In the run-up to Christmas, there is no one better to advise us on shopping than Zen Master Genpo Roshi, author of Big Mind, Big Heart: Finding Your Way, and pioneer of the Big Mind Process, a mix Eastern Zen with Western psychology. But first as usual, the Monk.
The Monk on Shopping
There’s a lot of pressure this time of year, buying for the kids, the boyfriend or girlfriend. Things are a little tighter, too. The old saying about it being better to give than receive is true, but the reality of explaining that to an irate partner come Christmas morning is best avoided.
But it’s not wrong to desire. Desire just is what it is. It’s such a powerful emotion. Ask yourself to identify with the one who desires, and feel the grin on your face! You literally feel the energy jolt through you. It's so powerful, it can be wild and consuming. Now identify with the mind of no desire. The difference is incredible. It’s peaceful and complete. But it also isn’t very sexy. A healthy integration is necessary.
The fully integrated Christmas shopper is at the top of the triangle, like the star on a tree. It knows what it wants, but it is comfortable whether it gets it or not. Its elbows are less sharp, its heartbeat less panicky, and it probably hasn’t left its shopping till lunchtime on Christmas Eve.
The Master on Shopping
The Big Mind work or meditation allows us to become aware of what our real desires and our real needs are. In his final talk, Buddha gave eight brilliant teachings that we now call the Eight Awareness of the Buddha. With regard to shopping, I want to emphasize the first two.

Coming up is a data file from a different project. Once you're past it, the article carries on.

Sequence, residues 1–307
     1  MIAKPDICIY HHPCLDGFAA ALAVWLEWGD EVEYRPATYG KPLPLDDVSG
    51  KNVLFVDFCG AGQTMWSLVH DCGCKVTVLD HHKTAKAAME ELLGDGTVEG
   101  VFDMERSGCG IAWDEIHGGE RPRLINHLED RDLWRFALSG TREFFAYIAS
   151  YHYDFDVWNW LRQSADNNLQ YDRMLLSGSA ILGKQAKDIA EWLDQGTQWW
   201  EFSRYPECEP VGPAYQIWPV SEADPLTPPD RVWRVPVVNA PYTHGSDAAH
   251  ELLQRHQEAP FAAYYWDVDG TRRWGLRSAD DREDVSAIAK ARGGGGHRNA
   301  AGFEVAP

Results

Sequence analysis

The first is 'to have few desires'. The second is 'to know how to be satisfied with what you have'. I think these two can really help us in the marketplace world. We don’t need to want everything, but we can learn to prioritize what we really do need, and what we really do want. To have fewer desires. The major cause of suffering is not being satisfied with what you have, and wanting what you don’t have. Learn to be satisfied with what we do have, not dissatisfied by wanting what we don’t have.
So how can we get to this place of satisfaction and sufficiency? Think of yourself as the sitting figure outlined by a triangle in the illustration, with the left corner (knee) representing the self that desires, the right corner (knee) representing the one that has no desire (pure being, free from desire), and the apex as that which includes and transcends both of them. At the apex, which is our True Self, we can recognize the old patterns and habits of desire without having to be run by them, and we can see more clearly what we really need and what is sufficient. We can also be in touch with the mind of unconditional satisfaction that does not require anything to be whole and complete. From here we can appreciate who we truly are and enjoy what we do have, which in itself is a great gift.
Genpo Roshi will be at the Big Mind Big Heart Weekend Workshop with guest Paul McKenna at the Copthorne Tara Hotel in London on the 24th and 25th of January.
And check back next month to hear more about what Genpo Roshi has to say about sex and money...